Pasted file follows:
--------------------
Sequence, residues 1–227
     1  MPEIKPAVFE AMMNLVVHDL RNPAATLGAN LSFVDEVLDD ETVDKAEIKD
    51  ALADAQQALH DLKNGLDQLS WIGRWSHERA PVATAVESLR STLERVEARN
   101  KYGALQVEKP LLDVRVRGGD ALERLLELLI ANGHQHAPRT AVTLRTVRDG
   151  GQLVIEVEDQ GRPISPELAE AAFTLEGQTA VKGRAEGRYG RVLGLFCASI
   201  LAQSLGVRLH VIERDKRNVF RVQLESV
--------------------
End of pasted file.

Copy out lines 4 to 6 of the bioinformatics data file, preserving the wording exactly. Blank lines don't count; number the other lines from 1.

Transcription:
   101  KYGALQVEKP LLDVRVRGGD ALERLLELLI ANGHQHAPRT AVTLRTVRDG
   151  GQLVIEVEDQ GRPISPELAE AAFTLEGQTA VKGRAEGRYG RVLGLFCASI
   201  LAQSLGVRLH VIERDKRNVF RVQLESV